The firebombs hit the Giymat Rosa Synagogue in Zaporizhia, located 250 miles southeast of Kiev, on Sunday night, according to a report the following day on the news site timenews.in.ua. The website published photos showing traces of a fire on the facade of the synagogue balcony. The synagogue opened in 2012.
A spokesperson for the Zhovtneviy District where the synagogue is located said no one was hurt in the attack and that police were searching for suspects. Officers found the neck of a glass bottle that was used as a Molotov cocktail, according to the Central Directorate of the Ministry of Internal Affairs.
Several Ukrainian media reported erroneously that the attack happened in Kiev. The Ukrainian capital and other cities have seen a wave of violent demonstrations that culminated this weekend with the apparent ousting of President Viktor Yanukovych.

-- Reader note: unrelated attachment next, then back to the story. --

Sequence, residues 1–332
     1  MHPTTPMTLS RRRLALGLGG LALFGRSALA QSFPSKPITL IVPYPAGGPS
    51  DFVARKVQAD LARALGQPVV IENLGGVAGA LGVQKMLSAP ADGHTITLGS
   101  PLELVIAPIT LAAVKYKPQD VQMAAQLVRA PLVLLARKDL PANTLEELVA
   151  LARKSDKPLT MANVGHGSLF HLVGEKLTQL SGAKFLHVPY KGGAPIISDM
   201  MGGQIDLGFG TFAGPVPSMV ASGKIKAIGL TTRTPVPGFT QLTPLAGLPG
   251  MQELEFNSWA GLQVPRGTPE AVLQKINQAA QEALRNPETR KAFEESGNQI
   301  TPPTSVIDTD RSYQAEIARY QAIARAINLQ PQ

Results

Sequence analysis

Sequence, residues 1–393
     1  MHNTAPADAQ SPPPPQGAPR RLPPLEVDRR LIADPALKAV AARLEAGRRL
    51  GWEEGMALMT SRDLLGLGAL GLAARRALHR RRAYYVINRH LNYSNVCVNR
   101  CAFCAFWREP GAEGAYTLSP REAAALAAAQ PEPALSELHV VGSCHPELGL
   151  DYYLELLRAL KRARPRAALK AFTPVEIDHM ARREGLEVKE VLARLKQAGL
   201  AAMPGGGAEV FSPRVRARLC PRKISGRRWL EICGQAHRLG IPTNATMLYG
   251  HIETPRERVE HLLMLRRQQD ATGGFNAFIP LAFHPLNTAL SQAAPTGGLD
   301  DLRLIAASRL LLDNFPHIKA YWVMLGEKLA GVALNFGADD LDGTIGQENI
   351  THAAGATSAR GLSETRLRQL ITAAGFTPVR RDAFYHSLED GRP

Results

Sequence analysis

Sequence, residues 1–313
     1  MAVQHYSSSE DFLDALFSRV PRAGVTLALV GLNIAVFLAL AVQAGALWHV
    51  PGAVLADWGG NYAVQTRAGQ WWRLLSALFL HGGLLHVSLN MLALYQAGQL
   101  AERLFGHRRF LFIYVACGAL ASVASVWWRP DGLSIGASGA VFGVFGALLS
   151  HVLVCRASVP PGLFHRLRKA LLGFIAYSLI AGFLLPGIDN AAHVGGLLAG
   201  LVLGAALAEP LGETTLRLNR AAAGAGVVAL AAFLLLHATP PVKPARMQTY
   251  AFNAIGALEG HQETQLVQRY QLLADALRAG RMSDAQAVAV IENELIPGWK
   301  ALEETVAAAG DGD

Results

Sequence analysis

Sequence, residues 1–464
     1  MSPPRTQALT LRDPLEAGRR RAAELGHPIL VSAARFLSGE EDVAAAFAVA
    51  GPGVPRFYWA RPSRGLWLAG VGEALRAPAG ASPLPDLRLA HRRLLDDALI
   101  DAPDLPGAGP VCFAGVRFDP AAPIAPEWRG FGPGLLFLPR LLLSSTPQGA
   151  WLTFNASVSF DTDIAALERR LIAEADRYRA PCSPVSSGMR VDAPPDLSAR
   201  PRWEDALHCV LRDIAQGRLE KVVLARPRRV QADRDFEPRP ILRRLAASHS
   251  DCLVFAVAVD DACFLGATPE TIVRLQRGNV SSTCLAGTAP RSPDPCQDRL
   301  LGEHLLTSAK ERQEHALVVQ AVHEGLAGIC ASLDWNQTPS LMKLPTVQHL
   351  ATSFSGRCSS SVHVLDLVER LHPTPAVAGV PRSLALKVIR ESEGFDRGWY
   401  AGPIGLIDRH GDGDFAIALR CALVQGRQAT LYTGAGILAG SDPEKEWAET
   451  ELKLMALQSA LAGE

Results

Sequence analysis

The country’s acting government has issued a warrant for Yanukovych’s arrest, accusing him of the murder of about 100 protesters who died in street clashes last week.
The unrest began in November over his refusal to sign a deal that would have tightened Ukraine’s ties with the European Union — a move that many saw as jeopardizing the country’s complicated relationship with Russia.
Several Jewish communities in Kiev have beefed up their security arrangements during the unrest. Other communities put their activities on hold for safety concerns.
Ukraine has a Jewish population of 360,000 to 400,000 people, with about a quarter of the country’s Jews living in Kiev, according to the European Jewish Congress. The Jewish Agency put the figure at 200,000.